Zi char, directly translated from a Hokkien phrase to mean ‘cook fry’, refers to Chinese hawker stalls that cook-to-order a wide variety of family-friendly and seafood dishes. These are not only a mainstay of local cuisine, but also a delicious yet fuss-free alternative to fancy restaurants. Here are a few top-notch establishments for you to try this unforgettable feast of home-cooked food.

These are not only a mainstay of local cuisine, but also a delicious yet fuss-free alternative to fancy restaurants

For: A Singapore twist on international dishes

New Ubin Seafood’s signature US Black Angus ribeye steak with fried rice

For the perfect East-meets-West dish, order the US Black Angus ribeye steak that comes with a side of fried rice cooked with aromatic drippings from the steak (Credit: New Ubin Seafood)

New Ubin Seafood

63 Hillview Avenue, Level 6

Originating from the island of Pulau Ubin, this zi char outlet first gained fame for its fresh seafood served up in rustic surroundings. Now located on mainland Singapore, New Ubin Seafood has upped its game by offering both classic favourites such as chilli crab, salted egg squid and har cheong kai (prawn paste chicken) as well as international dishes with a Singapore twist such as pork knuckle and kurobuta tonkatsu (Japanese-style pork cutlet). Its inventive variety of delicious fare at affordable prices has also earned it a Michelin Bib Gourmand award.

Must try: US Black Angus ribeye with fried rice. The latter is fried to perfection in delicious steak juice.

For: Johor Bahru-style dishes

JB Ah Meng

534 Geylang Road Lorong 30

For a taste of Malaysian cuisine – which is a little more robust and intensely flavoured compared to local zi char – without having to cross the Causeway, visit JB Ah Meng in Geylang. Helmed by Malaysian chefs, this eatery that opens till late is said to be a favourite among some of Singapore’s top chefs, who head there for a feast after they finish their shifts  at their own restaurants. Signature dishes here include the white pepper crab, salted egg prawn ball and fried fish head. Like the chefs, visit after peak hours (6:30pm to 9:30pm) to avoid the crowds and long wait.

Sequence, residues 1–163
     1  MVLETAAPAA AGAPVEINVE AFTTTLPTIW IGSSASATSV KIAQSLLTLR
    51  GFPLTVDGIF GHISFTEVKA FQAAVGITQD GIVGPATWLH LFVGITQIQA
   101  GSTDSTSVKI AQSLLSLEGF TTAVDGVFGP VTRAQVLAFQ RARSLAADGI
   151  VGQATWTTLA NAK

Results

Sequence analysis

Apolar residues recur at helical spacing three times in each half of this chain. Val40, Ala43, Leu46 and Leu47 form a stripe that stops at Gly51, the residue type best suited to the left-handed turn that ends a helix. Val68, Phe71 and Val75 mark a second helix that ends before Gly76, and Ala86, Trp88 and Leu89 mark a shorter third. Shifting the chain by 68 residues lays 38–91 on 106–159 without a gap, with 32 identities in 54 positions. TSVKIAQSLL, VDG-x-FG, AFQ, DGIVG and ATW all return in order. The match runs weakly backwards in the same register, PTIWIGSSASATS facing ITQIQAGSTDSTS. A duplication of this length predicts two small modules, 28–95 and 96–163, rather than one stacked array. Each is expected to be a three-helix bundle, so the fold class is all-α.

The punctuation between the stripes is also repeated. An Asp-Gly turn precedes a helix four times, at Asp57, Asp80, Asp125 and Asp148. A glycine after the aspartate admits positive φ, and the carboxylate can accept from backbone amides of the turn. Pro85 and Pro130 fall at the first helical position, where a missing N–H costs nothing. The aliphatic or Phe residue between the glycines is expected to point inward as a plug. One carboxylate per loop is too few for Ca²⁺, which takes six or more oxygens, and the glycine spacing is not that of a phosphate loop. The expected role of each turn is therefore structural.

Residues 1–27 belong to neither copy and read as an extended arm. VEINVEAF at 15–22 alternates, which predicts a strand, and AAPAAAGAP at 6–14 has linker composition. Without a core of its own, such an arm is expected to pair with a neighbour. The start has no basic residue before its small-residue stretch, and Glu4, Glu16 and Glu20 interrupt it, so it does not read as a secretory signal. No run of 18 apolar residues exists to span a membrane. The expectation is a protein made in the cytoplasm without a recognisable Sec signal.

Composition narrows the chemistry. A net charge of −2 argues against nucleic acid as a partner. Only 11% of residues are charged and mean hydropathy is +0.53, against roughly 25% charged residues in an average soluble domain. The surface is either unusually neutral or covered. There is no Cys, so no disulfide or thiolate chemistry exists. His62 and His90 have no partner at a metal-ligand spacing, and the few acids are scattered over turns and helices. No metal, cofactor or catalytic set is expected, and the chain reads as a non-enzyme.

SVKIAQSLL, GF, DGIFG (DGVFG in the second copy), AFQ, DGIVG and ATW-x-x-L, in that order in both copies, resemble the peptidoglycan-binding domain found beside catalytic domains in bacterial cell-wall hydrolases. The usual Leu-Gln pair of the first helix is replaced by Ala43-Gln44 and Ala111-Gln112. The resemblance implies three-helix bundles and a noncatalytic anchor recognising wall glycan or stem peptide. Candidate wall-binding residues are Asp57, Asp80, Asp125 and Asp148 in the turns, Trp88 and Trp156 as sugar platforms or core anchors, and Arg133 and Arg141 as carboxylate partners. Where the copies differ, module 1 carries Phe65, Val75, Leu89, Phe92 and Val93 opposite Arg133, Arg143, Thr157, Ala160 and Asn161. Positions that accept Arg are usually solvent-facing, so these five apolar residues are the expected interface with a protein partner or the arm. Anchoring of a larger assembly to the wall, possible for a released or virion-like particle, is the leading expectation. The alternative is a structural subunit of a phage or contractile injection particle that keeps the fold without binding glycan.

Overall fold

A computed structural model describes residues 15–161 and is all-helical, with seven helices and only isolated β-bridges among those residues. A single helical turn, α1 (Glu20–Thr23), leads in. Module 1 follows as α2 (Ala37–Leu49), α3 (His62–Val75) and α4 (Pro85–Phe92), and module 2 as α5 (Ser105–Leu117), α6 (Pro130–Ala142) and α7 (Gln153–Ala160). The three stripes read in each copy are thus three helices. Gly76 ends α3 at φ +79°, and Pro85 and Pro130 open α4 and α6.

Must try: San lou bee hoon, where rice vermicelli, dried shrimp and shredded squid are fried and pressed together like a pancake. It’s crisp and satisfyingly smoky.

For: Crab cooked in every way imaginable

Melben Seafood

9 Opal Crescent

This one’s for crab lovers looking to savour their favourite crustacean cooked in different ways besides the ubiquitous chilli crab. There’s laksa (curry with coconut milk) crab, salted egg crab and white pepper crab, just to name a few. You’ll also find a range of meat, vegetable, noodle and beancurd dishes, but everyone considers them the appetiser to the wide variety of crab dishes available. In keeping with the traditional style of eating crab, be prepared to use the array of small metal tools provided to crack the shells open and extract all the succulent flesh within.

Must try: Claypot crab bee hoon (rice vermicelli) soup cooked with crab in a rich, milky soup.

For: Tried-and-tested favourites in a central location

Kok Sen Restaurant

30-32 Keong Saik Road

This hugely popular zi char eatery is conveniently located in the central business district and known for its crowd-pleasing favourites. The family-run restaurant, which is also a recipient of the Michelin Bib Gourmand award, features many dishes that are still cooked according to recipes that have been passed down through the generations. Signature dishes include the big prawn hor fun (flat rice noodles), which substitutes the usual beef found in such dishes with more indulgent juicy prawns, and crispy noodles with shrimp omelette.

Must try: Claypot yong tau foo (tofu stuffed with fish paste), which is braised in a thick sauce for a rich flavour. This is unlike many hawker stalls where yong tau foo is served dry or in a soup.

For: Modern zi char

Two Chefs Eating Place

116 Commonwealth Crescent #01-129

Run by two brothers, Two Chefs has a loyal following of fans that enjoy the inventive spin the chefs bring to traditional dishes without compromising on their comforting tastes. For instance, cockles are served ceviche-style and marinated in a piquant sauce – ask for the drunken cockles when ordering. There’s also a focus on using ingredients that are made from scratch in the kitchen, such as the homemade tofu.

Must try: Butter pork ribs with condensed milk powder, which is made from a secret recipe.

 

To make the most out of your zi char  feast, go hungry, pick out a few dishes you’d like to try and perhaps ask your friendly server to recommend dishes to complement what you’ve ordered. Ready, set, eat!